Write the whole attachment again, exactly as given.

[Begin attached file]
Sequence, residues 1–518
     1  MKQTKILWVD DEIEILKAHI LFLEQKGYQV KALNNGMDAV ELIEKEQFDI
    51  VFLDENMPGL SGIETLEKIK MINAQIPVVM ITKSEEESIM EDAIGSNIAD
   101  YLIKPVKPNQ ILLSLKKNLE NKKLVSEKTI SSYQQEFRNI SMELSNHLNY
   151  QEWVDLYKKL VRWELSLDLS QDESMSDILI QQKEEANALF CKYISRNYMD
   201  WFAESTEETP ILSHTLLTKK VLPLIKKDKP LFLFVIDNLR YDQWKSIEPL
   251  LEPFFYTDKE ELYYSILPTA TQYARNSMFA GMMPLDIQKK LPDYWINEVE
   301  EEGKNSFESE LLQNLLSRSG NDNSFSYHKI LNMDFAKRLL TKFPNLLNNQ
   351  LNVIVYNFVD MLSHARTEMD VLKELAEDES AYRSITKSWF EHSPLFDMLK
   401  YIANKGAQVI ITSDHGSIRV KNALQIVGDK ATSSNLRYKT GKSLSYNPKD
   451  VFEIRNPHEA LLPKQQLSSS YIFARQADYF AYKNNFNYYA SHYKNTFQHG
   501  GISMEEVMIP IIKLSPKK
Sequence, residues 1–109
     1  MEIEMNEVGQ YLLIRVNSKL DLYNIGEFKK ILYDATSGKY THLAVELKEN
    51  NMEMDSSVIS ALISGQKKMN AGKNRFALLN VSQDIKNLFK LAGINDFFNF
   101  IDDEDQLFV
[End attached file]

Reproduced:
Sequence, residues 1–518
     1  MKQTKILWVD DEIEILKAHI LFLEQKGYQV KALNNGMDAV ELIEKEQFDI
    51  VFLDENMPGL SGIETLEKIK MINAQIPVVM ITKSEEESIM EDAIGSNIAD
   101  YLIKPVKPNQ ILLSLKKNLE NKKLVSEKTI SSYQQEFRNI SMELSNHLNY
   151  QEWVDLYKKL VRWELSLDLS QDESMSDILI QQKEEANALF CKYISRNYMD
   201  WFAESTEETP ILSHTLLTKK VLPLIKKDKP LFLFVIDNLR YDQWKSIEPL
   251  LEPFFYTDKE ELYYSILPTA TQYARNSMFA GMMPLDIQKK LPDYWINEVE
   301  EEGKNSFESE LLQNLLSRSG NDNSFSYHKI LNMDFAKRLL TKFPNLLNNQ
   351  LNVIVYNFVD MLSHARTEMD VLKELAEDES AYRSITKSWF EHSPLFDMLK
   401  YIANKGAQVI ITSDHGSIRV KNALQIVGDK ATSSNLRYKT GKSLSYNPKD
   451  VFEIRNPHEA LLPKQQLSSS YIFARQADYF AYKNNFNYYA SHYKNTFQHG
   501  GISMEEVMIP IIKLSPKK
Sequence, residues 1–109
     1  MEIEMNEVGQ YLLIRVNSKL DLYNIGEFKK ILYDATSGKY THLAVELKEN
    51  NMEMDSSVIS ALISGQKKMN AGKNRFALLN VSQDIKNLFK LAGINDFFNF
   101  IDDEDQLFV